Potty Training, Autism Style
Training a child to “go” on the potty is kind of like giving birth. Once it is DONE, you forget what a rough stage it was to go through. I asked a group of parents of teenagers with autism to recall what their potty training experience was like, and they looked at me as if I’d asked them a trick question. “I’ve blocked it out,” one finally replied, “all I remember was that it was all consuming and discouraging and went on forever. Can we change the subject?”
No, we can’t! Children with autism have whacky sensory systems and can be hard, but not impossible to train. You have to be creative. This is one time that you must even be open to unsolicited advice, because you never know what will work for your child until you try it.
I asked my Facebook autism forum to share their potty training success stories:
What is the best way to potty train a child with autism?
I have a friend that loves Halloween more than any holiday. Her problem is that she lives one mile up a steep hill. Still, she gets more trick-or-treater’s than anyone in town. How? She gives out 1 pound Hershey Bars. This is the idea behind a very effective potty training strategy: Motivation. Some call it bribery, others call it positive reinforcement, but the bottom line (no pun intended) is that children need to feel motivated to succeed. When your child has autism spectrum disorder, the motivation game is predictably unpredictable.
What motivates your child?
“My daughter was still having accidents at age five, so I bought her a Hello Kitty Tea Set that she really wanted and set in top of the fridge where she could see it. I told her that once she went a month with no accidents the teas set was hers. What a nightmare. She started out well, with three good days in a row, and when she had an accident on the fourth day, she was so stressed out and had a huge tantrum. I gave her the tea set, and then switched to small rewards, like bubbles, stickers, time on the Wii each day she was accident free. She had fewer and fewer accidents and within a few months, she was having none at all.”
Sheila, North Dakota
It’s a good idea to stockpile practical and inexpensive motivators based on your child’s interests. ABA types say it’s best to stay away from food as reinforcers, but many of the parents that I talked with admit to using candy and goldfish in the mix.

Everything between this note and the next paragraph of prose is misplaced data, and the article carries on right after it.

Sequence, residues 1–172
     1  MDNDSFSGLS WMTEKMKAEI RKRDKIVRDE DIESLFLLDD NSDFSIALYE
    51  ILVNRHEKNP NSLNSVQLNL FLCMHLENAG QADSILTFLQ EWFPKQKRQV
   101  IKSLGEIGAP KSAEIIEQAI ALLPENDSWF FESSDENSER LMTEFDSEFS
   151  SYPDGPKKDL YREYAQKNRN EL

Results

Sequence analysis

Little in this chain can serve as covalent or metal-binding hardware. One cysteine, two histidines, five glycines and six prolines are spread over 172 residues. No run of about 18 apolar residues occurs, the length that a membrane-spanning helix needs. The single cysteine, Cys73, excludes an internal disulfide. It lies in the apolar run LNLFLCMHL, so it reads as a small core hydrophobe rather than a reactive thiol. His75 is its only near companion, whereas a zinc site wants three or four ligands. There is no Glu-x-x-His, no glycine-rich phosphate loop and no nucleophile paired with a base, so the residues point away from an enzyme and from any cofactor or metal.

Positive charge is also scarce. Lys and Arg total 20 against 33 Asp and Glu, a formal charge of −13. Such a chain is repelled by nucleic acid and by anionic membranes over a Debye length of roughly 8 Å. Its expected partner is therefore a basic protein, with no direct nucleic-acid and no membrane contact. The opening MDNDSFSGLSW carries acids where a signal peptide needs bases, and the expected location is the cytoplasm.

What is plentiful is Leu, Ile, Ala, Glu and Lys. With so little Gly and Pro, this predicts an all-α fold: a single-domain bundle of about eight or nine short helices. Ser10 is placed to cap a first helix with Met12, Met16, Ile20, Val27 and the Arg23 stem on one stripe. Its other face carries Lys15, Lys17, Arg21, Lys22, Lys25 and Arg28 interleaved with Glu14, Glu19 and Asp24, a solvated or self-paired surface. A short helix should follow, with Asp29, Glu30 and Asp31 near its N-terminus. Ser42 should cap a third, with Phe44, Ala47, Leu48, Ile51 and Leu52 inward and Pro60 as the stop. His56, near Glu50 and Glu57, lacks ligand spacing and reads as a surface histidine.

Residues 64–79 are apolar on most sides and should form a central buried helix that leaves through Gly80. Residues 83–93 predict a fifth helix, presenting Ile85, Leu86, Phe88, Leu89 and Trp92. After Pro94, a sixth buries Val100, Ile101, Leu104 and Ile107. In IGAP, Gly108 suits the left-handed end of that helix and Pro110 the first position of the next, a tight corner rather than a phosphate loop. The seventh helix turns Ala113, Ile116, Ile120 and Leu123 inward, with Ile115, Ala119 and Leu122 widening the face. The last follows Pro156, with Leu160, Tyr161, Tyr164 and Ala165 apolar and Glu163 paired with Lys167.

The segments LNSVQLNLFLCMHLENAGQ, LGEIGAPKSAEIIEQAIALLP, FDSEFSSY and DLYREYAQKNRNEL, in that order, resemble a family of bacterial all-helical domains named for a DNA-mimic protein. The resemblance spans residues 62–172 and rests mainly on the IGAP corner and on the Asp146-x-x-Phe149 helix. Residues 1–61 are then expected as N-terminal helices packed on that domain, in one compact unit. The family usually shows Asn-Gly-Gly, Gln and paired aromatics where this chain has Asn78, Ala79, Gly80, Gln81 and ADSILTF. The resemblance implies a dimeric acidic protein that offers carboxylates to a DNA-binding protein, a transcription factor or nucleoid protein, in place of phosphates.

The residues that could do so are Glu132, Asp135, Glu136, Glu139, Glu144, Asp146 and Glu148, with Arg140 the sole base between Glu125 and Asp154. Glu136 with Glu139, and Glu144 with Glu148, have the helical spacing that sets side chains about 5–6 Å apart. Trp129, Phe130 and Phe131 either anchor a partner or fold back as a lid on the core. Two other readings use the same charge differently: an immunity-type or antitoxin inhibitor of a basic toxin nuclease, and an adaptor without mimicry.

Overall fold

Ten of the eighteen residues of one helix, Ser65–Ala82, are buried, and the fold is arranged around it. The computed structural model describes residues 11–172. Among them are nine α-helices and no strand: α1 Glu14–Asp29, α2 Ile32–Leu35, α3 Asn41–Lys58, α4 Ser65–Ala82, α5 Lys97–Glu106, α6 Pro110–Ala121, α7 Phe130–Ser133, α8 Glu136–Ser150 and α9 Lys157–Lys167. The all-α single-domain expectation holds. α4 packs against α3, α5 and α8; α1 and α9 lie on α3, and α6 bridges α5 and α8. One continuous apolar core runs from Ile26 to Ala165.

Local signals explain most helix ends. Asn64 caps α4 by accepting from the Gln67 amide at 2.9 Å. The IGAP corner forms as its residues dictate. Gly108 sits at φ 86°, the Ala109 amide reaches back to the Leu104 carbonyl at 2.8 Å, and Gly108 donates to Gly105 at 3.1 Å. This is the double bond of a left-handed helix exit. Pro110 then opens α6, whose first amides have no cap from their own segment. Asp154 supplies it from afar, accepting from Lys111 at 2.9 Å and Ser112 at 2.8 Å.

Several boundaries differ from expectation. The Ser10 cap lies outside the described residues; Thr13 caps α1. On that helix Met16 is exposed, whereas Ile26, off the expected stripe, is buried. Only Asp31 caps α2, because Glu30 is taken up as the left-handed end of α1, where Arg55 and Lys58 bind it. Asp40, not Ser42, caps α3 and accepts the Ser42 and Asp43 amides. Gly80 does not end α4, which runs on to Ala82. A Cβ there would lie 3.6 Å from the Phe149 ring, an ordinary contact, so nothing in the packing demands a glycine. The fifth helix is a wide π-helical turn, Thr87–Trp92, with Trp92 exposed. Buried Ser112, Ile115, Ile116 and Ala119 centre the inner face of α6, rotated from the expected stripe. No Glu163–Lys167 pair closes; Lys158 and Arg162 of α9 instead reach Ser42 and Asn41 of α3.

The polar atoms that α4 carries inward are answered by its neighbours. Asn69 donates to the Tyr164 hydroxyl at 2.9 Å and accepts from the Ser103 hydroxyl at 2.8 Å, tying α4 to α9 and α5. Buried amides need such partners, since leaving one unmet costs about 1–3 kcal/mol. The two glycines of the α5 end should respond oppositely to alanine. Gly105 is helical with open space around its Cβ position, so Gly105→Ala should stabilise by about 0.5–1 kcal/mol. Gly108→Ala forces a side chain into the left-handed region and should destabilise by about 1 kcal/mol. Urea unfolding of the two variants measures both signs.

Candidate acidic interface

Parents list of motivating non-food reinforcers:
- Video time- wii time, iPad, iTouch time, iTunes cards
- bubbles, stickers
- lego characters
- coloring books
- small toys like you might find in the treasure chest at the pediatrician or dentist, matchbox cars, Silly putty
- a visit to the dollar store
- praise (more about that below)
- coins for the piggy bank ,
- time with mom alone, time with dad alone,
- puzzle pieces
- piano time, drum time
- crafty activities.
Not all children are motivated by toys and treats. When we started to potty train Matthew at age three, he was obsessed with drains. He even asked Santa for a drain for Christmas. “A train?” asked Santa, “No,” I laughed nervously “He wants a drain.” We live in California, where the idea of letting a child pour water down a drain as a reward was frowned upon. What else could we try? Here are some inventive motivators that are so common sense that It I can’t believe wish I had thought of them myself:
“My son has Asperger Syndrome and when I tried to potty train him when he was 3 years old, he showed no interest, and I wasn’t sure what I should do. My daycare provider was a woman with 9 children and several grandchildren. She had him potty trained in 2 weeks by putting dish soap in the toilet and telling him to make bubbles. Sometimes she would put cheerios in the toilet and tell him to try and hit the cheerios.”
Sarah, British Columbia
I know. Target practice isn’t so easy for girls. It is not a perfect world! More solutions:
Potty Training Videos
“My son has classic autism and is completely non-verbal. Showing him potty training videos (over and over and over again) worked for us. He was 5, and watched Elmo, and Bear in the Big Blue House potty training videos and potty training videos on you tube. He went from having no potty training skills to being completely potty trained in a few months.”
Sam, New York
Fun with timers?
“Try using a timer, and make it seem like a fun thing when it goes off. Be excited about going to the bathroom. This worked for us. We got a fun little Thomas the Train timer that my son could set himself.”
“We had great luck potty training our son, who is non-verbal, with pictures. I would set the oven timer for 15 minutes. When the timer went off, I would show him a picture of our bathroom, then tell him ‘potty’. I would take him and he would go. We went every 15 minutes for about a week, and then upped it to every 30 minutes. I would show him the picture before we went every time. We cleaned up all accidents in the bathroom to let him know that all toileting belongs in that room.”